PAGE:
ONTD Political

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6:40 pm - 04/30/2009
Scientists see this flu strain as relatively mild

Genetic data indicate this outbreak won't be as deadly as that of 1918, or even the average winter.



As the World Health Organization raised its infectious disease alert level Wednesday and health officials confirmed the first death linked to swine flu inside U.S. borders, scientists studying the virus are coming to the consensus that this hybrid strain of influenza -- at least in its current form -- isn't shaping up to be as fatal as the strains that caused some previous pandemics.

In fact, the current outbreak of the H1N1 virus, which emerged in San Diego and southern Mexico late last month, may not even do as much damage as the run-of-the-mill flu outbreaks that occur each winter without much fanfare.

"Let's not lose track of the fact that the normal seasonal influenza is a huge public health problem that kills tens of thousands of people in the U.S. alone and hundreds of thousands around the world," said Dr. Christopher Olsen, a molecular virologist who studies swine flu at the University of Wisconsin School of Veterinary Medicine in Madison.

His remarks Wednesday came the same day Texas authorities announced that a nearly 2-year-old boy with the virus had died in a Houston hospital Monday.

"Any time someone dies, it's heartbreaking for their families and friends," Olsen said. "But we do need to keep this in perspective."

Flu viruses are known to be notoriously unpredictable, and this strain could mutate at any point -- becoming either more benign or dangerously severe. But mounting preliminary evidence from genetics labs, epidemiology models and simple mathematics suggests that the worst-case scenarios are likely to be avoided in the current outbreak.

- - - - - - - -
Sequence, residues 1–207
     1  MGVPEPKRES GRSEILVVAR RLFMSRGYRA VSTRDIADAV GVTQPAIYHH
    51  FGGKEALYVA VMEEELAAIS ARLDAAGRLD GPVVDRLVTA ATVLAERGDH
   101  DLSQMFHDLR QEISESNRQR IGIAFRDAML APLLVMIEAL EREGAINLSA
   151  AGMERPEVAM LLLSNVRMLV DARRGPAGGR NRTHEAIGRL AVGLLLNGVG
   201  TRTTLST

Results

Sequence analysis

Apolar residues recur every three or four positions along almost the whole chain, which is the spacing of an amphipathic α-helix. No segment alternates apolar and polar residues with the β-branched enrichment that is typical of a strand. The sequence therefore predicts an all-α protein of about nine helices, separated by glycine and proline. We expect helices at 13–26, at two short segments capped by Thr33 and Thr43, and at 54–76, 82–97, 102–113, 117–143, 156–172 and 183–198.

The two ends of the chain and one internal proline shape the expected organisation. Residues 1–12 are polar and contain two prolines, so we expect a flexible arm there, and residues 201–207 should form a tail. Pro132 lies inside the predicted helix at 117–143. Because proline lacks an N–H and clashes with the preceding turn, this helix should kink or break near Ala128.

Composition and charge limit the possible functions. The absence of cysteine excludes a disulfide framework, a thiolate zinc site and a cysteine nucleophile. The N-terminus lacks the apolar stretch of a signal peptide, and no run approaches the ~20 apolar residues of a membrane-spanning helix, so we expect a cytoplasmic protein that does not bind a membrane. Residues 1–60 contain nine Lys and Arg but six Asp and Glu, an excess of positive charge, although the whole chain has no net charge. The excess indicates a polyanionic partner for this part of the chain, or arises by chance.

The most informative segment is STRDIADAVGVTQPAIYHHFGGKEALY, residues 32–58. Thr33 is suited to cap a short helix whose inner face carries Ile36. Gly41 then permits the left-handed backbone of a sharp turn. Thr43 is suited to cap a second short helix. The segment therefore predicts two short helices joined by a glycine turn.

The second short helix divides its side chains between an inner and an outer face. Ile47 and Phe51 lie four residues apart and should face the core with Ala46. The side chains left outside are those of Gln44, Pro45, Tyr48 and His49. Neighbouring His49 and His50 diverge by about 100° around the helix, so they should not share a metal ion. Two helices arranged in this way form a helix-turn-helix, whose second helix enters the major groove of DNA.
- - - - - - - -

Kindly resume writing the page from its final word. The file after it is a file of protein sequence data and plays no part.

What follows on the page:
"This virus doesn't have anywhere near the capacity to kill like the 1918 virus," which claimed an estimated 50 million victims worldwide, said Richard Webby, a leading influenza virologist at St. Jude Children's Research Hospital in Memphis, Tenn.

When the current virus was first identified, the similarities between it and the 1918 flu seemed ominous.

Both arose in the spring at the tail end of the flu season. Both seemed to strike people who were young and healthy instead of the elderly and infants. Both were H1N1 strains, so called because they had the same types of two key proteins that are largely responsible for a virus' ability to infect and spread.

The Centers for Disease Control and Prevention and the National Institutes of Health published genetic sequence data Monday morning of flu samples isolated from patients in California and Texas, and thousands of scientists immediately began downloading the information. Comparisons to known killers -- such as the 1918 strain and the highly lethal H5N1 avian virus -- have since provided welcome news.